“A lot of women wait until the doctor tells them it’s time for a mammogram. Or they think they can just do the self-breast exams where you feel for lumps in the breast at home in the shower. I had no lumps. My breast didn’t hurt. There were no symptoms.”
Two-year breast cancer survivor, Alicia Carter-Seraaj wants it to be known that you can be diagnosed with breast cancer without having any symptoms. This is one of the vital reasons she encourages mammogram screenings as early as age 35. During this exclusive interview with Design Essentials, Alicia explains the shock of finding out she had cancer, the emotional battle of beating breast cancer through treatment, and how she came out better than ever after her experience.
Design Essentials: You found out you had breast cancer after having your second mammogram. What prompted you to get screened?
Alicia Carter-Seraaj: It was because of age. I was 45. My first mammogram was totally fine, so about a year later I went in for my second mammogram. The next day they called me back in to do a second screening because they saw something abnormal. I went in the next day and had the mammogram, and then they took me into this little room. A doctor and a nurse came in and told me I had breast cancer in my right breast.
DE: When you heard the word cancer, what initially went through your mind?
Alicia: I felt like they were not talking to me. This can’t be happening to me. I looked at my husband’s face [Alicia attempts to fight back tears] and to see that fear, that got me. I realized this [breast cancer diagnosis] was real. The doctor left and the nurse stayed in the room. She gave me a pamphlet and a pink breast cancer awareness month pin. And I want to be honest, I wanted to throw that pin at her. I mean the way she gave it to me like, "Hey, welcome to the club." But it wasn’t a club I wanted to be a part of. I hadn’t accepted it yet. I was angry. I didn’t want cancer.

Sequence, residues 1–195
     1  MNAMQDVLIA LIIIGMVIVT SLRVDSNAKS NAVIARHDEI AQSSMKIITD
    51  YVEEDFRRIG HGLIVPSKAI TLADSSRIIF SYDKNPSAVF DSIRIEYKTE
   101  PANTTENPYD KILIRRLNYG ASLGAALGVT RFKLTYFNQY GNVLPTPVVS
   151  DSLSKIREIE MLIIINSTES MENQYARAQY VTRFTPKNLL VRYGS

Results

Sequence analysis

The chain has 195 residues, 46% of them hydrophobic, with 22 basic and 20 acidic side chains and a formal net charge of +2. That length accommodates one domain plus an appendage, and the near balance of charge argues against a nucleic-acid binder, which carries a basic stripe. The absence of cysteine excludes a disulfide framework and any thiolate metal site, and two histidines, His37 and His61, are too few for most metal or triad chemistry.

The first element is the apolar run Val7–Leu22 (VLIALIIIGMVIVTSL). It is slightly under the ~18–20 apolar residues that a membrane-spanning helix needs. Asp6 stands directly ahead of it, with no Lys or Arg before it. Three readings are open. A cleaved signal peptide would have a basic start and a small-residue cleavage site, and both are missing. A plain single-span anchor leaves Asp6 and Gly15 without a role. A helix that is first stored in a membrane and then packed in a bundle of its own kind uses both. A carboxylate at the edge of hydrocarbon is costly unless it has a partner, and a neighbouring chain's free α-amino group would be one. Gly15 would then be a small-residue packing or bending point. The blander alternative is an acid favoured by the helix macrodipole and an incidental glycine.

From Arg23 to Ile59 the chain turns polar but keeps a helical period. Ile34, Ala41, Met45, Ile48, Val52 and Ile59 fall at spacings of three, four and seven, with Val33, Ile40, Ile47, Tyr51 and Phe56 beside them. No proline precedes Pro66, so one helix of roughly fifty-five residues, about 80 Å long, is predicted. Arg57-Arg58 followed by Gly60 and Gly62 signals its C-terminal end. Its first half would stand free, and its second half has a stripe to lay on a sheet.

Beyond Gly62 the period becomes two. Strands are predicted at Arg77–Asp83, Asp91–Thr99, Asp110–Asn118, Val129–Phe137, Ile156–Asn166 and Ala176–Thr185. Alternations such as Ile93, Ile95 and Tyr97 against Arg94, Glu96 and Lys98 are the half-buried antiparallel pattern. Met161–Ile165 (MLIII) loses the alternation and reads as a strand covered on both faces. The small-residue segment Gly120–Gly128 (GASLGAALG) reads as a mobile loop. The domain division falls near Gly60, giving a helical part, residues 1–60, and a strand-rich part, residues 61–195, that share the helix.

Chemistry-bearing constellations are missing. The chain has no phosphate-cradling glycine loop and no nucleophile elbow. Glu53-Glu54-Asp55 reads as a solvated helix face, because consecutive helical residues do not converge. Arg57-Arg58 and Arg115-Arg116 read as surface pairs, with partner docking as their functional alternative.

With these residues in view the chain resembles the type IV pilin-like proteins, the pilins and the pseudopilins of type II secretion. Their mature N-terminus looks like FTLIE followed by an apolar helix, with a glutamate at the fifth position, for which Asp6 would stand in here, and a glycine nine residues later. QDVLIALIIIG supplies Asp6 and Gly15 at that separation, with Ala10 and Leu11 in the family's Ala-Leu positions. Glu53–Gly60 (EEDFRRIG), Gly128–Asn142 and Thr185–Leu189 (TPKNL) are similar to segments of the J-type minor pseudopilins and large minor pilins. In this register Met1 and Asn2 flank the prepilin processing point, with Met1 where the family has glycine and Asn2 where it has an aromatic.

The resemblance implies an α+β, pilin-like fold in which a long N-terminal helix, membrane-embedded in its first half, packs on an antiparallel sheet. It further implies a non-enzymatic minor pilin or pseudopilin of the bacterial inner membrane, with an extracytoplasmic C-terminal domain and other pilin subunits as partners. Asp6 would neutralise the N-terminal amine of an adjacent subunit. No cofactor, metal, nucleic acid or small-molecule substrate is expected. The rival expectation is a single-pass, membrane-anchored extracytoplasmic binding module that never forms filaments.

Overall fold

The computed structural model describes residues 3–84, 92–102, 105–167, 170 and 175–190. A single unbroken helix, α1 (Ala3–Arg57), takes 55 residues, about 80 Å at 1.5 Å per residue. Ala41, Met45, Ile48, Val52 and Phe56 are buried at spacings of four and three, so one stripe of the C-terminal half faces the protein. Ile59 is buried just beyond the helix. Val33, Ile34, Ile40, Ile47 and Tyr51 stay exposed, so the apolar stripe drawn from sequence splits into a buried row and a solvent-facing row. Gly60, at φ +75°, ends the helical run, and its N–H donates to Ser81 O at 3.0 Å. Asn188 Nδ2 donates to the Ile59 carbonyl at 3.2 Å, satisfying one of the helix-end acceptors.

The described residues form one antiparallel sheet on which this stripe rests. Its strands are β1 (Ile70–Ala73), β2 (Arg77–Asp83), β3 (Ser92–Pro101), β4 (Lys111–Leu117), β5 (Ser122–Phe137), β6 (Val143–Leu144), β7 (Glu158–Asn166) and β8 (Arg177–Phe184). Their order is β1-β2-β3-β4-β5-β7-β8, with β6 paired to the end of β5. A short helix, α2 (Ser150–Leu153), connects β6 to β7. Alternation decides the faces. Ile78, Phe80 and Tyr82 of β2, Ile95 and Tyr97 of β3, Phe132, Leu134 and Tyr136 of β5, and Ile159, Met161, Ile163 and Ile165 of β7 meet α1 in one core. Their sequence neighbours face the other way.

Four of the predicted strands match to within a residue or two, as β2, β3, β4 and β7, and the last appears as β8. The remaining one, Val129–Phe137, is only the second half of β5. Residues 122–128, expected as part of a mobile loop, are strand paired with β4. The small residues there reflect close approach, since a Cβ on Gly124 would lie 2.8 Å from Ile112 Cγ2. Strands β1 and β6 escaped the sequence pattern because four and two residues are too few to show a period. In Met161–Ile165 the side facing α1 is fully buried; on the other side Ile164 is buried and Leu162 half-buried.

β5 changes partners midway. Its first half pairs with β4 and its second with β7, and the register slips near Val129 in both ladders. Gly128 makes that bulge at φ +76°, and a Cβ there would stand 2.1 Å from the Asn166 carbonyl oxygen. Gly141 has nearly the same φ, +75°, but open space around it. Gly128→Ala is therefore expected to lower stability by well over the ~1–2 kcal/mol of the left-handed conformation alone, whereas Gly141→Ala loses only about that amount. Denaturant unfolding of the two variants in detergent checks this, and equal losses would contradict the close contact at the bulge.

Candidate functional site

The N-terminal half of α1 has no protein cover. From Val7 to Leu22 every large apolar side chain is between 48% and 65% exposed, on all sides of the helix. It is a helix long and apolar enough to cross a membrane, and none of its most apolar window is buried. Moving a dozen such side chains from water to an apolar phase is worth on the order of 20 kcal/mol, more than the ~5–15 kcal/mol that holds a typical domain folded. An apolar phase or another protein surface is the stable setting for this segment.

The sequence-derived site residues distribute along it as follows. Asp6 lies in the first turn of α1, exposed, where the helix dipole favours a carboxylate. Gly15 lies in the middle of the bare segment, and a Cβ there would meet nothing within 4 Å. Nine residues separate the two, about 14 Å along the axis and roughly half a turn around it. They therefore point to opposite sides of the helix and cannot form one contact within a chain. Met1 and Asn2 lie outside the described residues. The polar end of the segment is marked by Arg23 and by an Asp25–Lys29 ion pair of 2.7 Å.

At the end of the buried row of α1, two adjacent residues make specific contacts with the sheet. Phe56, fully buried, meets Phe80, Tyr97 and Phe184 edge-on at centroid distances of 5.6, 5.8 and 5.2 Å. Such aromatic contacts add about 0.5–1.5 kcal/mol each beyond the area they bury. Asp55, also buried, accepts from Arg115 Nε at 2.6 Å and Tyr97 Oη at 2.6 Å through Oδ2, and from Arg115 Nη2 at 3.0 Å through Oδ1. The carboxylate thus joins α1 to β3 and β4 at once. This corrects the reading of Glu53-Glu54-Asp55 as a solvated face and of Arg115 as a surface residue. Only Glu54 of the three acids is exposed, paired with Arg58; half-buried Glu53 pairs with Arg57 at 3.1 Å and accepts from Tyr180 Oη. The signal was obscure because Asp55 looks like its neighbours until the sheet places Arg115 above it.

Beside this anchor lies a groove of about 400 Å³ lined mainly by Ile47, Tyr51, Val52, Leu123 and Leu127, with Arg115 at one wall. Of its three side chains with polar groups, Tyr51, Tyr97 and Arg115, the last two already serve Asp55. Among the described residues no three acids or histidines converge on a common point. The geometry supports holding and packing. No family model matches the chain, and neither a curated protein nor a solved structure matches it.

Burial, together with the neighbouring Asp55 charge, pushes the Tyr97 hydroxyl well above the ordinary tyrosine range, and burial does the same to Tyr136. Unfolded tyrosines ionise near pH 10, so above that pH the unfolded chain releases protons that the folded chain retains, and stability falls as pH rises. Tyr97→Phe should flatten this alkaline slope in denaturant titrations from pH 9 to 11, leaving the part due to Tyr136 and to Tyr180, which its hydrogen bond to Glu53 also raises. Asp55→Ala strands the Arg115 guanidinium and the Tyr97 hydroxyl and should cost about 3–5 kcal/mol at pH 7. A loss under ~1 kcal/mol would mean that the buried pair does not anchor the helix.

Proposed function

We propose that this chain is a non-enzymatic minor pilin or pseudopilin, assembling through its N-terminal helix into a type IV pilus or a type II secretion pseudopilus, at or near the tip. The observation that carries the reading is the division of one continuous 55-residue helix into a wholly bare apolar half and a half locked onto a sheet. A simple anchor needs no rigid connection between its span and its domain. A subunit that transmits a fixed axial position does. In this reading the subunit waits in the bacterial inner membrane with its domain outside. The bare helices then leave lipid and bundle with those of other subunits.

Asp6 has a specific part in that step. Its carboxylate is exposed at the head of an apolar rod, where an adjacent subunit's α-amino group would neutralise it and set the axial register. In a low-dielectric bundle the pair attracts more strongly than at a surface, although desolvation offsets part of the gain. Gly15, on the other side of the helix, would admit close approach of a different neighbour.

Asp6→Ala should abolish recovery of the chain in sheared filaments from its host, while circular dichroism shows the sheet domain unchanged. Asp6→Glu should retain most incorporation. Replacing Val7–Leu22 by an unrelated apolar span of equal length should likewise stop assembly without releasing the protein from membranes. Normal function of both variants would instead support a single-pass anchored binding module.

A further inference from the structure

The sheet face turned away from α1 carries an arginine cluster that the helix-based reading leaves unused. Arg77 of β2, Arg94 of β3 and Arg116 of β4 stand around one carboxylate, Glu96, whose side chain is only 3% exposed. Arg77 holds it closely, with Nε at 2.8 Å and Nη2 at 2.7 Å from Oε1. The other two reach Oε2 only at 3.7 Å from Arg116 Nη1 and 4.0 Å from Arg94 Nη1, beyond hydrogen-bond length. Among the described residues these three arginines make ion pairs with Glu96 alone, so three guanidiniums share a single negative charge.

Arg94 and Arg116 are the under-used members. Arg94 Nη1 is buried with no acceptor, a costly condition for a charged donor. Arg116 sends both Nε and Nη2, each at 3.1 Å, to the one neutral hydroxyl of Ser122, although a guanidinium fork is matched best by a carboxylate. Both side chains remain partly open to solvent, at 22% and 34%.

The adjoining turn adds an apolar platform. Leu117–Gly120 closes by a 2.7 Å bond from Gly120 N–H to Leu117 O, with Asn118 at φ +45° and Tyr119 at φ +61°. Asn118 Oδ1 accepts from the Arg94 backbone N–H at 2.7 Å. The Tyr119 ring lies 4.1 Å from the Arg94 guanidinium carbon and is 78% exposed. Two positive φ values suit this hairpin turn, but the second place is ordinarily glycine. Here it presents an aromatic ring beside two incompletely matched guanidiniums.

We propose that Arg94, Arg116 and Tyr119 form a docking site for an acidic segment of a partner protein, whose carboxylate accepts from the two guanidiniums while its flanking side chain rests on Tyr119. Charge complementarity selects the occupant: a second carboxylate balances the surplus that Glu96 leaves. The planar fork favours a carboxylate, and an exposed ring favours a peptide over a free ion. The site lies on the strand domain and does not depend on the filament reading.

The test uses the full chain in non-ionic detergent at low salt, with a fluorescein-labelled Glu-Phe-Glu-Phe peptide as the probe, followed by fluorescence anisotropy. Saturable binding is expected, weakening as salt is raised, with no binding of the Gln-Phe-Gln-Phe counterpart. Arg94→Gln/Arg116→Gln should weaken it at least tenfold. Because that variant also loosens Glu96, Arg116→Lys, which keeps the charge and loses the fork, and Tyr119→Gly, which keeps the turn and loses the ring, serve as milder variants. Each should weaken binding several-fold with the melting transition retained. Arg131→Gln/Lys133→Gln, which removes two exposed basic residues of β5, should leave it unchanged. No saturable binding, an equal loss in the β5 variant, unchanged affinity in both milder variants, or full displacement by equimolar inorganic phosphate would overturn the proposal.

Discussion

DE: What did your treatment plan look like?
Alicia: After my biopsy, the next step was to get the cancer removed. I had to figure out if I wanted to remove just the right breast completely, did I want to get the lumpectomy where they remove all the cancer tissue in just the right breast, or I had the option of having the double mastectomy where they remove both breasts. I elected for the double mastectomy. It made more sense to me because if it [cancer] was in one breast, I didn’t want to worry about it coming back in the left breast. I had to have 16 rounds of chemotherapy and elected to have 23 rounds of radiation. I didn’t have to have radiation, but it was presented to me that if I did, it would lower the chances of cancer coming back. So, I choose to lower those chances.
DE: How did cancer treatment impact your family?
Alicia: I tried to keep as much of this away from my kids. They knew that Mom was sick; that I was going to be sick for a while and had to get treatments, but I didn’t ever use the word cancer with my two sons who were 13 and 15 at the time. I didn’t want to scare them with the word cancer. Because cancer scared me. I didn’t want to interrupt their life. I wanted their life to stay the same without worrying about me. I would tell them that, "Mom is going to be okay." My daughter was 20, she knew everything I was going through. She'd tell me, "Mom you're strong. I'm so proud of you."
DE: You’re currently in remission. Do you have any fears?